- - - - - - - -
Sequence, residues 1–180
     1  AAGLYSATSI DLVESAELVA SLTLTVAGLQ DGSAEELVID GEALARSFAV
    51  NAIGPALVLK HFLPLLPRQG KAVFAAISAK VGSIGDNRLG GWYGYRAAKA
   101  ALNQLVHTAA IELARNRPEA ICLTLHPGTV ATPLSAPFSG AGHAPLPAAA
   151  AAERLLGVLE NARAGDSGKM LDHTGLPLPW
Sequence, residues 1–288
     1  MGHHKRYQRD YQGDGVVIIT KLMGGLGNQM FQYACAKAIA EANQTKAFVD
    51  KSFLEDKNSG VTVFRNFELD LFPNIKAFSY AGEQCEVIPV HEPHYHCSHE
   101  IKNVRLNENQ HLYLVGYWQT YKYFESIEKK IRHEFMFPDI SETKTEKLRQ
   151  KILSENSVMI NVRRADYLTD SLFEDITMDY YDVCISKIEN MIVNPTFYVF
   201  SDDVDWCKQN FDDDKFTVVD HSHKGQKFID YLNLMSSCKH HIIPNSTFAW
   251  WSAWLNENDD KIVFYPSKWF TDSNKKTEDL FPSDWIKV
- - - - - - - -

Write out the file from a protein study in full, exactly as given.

Sequence, residues 1–180
     1  AAGLYSATSI DLVESAELVA SLTLTVAGLQ DGSAEELVID GEALARSFAV
    51  NAIGPALVLK HFLPLLPRQG KAVFAAISAK VGSIGDNRLG GWYGYRAAKA
   101  ALNQLVHTAA IELARNRPEA ICLTLHPGTV ATPLSAPFSG AGHAPLPAAA
   151  AAERLLGVLE NARAGDSGKM LDHTGLPLPW
Sequence, residues 1–288
     1  MGHHKRYQRD YQGDGVVIIT KLMGGLGNQM FQYACAKAIA EANQTKAFVD
    51  KSFLEDKNSG VTVFRNFELD LFPNIKAFSY AGEQCEVIPV HEPHYHCSHE
   101  IKNVRLNENQ HLYLVGYWQT YKYFESIEKK IRHEFMFPDI SETKTEKLRQ
   151  KILSENSVMI NVRRADYLTD SLFEDITMDY YDVCISKIEN MIVNPTFYVF
   201  SDDVDWCKQN FDDDKFTVVD HSHKGQKFID YLNLMSSCKH HIIPNSTFAW
   251  WSAWLNENDD KIVFYPSKWF TDSNKKTEDL FPSDWIKV